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[INSULT DELETED] You can't be an empiricist like Hume and a rationalist like Mises! One has to budge!

I still can't even believe you find the two thinkers compatible. If you were right, Kant didn't have much work to do after he discovered Hume.

Let me quote Hume who, really, was a proto-logical positivist, When we run over libraries, persuaded of these principles, what havoc must we make? If we take in our hand any volume of divinity or school metaphysics, for instance, let us ask, Does it contain any abstract reasoning concerning quantity or number? No. Does it contain any experimental reasoning concerning matter of fact and existence? No. Commit it then to the flames, for it can contain nothing but sophistry and illusion.

See that? He likes mathematics and experimental observations. I mean, when A.J. Ayer likes you, you know you gotta have a pretty hard-nosed epistemology.

"I'm not a fan of Murray Rothbard." -- David D. Friedman

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I. Ryan replied on Tue, Aug 3 2010 9:25 AM

Neoclassical:

I would claim that preference is ill-defined mentalistic garbage. Can someone explain it to me?

If you were to claim that preference is "ill-defined mentalistic garbage", you would be preferring to claim that preference is "ill-defined mentalistic garbage", and would be caught up in a contradiction. The fact that you will see that as a contradiction will reveal the meaning of preference to you. But I will switch to trying to define "desire", because it will be easier to define, and I could have used it to make the same point that this is a response to what you were responding to.

If I were only to desire having A, and were to believe that only doing B would lead only to having A, I would only desire doing B. And, if I were to believe that I don't have A, I would do B. I greatly simplified it to make it into an example, but I think that you probably will be able to get the gist of it. That is the foundation of praxeology, wanting X, believing that you don't have X, and believing that doing Y would lead to having X. That is the starting point of praxeology.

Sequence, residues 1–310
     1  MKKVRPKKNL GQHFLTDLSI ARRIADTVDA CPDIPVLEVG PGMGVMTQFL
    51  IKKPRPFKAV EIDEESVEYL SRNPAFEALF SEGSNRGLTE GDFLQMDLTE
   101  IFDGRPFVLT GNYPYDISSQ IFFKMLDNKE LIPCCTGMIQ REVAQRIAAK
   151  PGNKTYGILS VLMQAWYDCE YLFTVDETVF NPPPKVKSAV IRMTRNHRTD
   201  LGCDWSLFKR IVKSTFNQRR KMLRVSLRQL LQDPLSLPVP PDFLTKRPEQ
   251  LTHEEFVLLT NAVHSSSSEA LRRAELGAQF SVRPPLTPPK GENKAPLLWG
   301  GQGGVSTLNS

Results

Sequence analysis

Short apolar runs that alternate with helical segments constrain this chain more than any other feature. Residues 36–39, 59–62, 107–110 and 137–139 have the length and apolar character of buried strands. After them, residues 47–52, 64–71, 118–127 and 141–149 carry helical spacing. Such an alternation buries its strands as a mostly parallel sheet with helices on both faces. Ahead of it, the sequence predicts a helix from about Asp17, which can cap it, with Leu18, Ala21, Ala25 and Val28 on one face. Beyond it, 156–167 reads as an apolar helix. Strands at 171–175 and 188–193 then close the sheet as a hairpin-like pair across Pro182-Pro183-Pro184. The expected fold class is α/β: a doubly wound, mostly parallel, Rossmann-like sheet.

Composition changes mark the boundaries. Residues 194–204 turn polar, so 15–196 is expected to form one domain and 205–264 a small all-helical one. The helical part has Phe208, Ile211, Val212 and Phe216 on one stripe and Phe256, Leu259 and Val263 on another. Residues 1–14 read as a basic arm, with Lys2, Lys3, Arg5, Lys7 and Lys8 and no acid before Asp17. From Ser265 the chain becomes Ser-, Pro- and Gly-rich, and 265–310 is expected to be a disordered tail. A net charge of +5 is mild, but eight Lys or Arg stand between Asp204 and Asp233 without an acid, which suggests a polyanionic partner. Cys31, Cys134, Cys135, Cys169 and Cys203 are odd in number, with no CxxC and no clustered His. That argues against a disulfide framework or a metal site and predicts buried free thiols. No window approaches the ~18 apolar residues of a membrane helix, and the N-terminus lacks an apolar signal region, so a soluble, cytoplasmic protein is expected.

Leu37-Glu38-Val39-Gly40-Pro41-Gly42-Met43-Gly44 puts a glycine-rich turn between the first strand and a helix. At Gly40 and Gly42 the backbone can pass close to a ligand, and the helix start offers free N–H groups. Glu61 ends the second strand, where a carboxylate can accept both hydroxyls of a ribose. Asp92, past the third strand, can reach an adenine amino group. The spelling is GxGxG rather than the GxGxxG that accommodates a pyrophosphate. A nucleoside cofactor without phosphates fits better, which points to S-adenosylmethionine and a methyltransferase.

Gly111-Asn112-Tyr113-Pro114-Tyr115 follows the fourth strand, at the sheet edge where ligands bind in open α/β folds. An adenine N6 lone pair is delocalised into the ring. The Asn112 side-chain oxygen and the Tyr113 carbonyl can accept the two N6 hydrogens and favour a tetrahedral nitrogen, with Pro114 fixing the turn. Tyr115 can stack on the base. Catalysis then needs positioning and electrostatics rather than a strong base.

I tried to explain what desire was by showing how it interacts with things like "belief" that I don't think that you will be confused about.

If I wrote it more than a few weeks ago, I probably hate it by now.

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I. Ryan:
If you were to claim that preference is "ill-defined mentalistic garbage", you would be preferring to claim that preference is "ill-defined mentalistic garbage", and would be caught up in a contradiction. The fact that you will see that as a contradiction will reveal the meaning of preference to you.

Don't use "fact" so loosely. I didn't spot the contradiction. How do you know what I "prefer"? Once again, please define it simply, without examples or some sort of supposed logical trap.

I can't clearly understand your notions of "desire" and "belief," either. Are these psychological states, dispositions to act, or what?

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"I regard Quine as one of our most stimulating philosophers." -- F.A. Hayek

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I. Ryan replied on Tue, Aug 3 2010 10:17 AM

Neoclassical:

Don't use "fact" so loosely.

Why can't you just stick to the discussion? Why do you always try to embarress your opponent with such irrelevant, counterproductive attacks? Because you dragged me into this, I will answer the challenge, though I ask that you stop distracting us with such nonsense.

In English, starting a sentence with "that" used as an embedded clause introducer is very awkward. So people tend to either put the noun phrase "the fact" in apposition to it, or switch around the first argument and the second argument of the verb phrase, move the verb phrase to the front, and add "it" in front of it. I chose the first one because it would let me avoid the awkwardness without making what I was trying to say difficult to understand. I don't know why the second option is difficult to understand in this case, but you will be able to see that it is when I show you the three examples.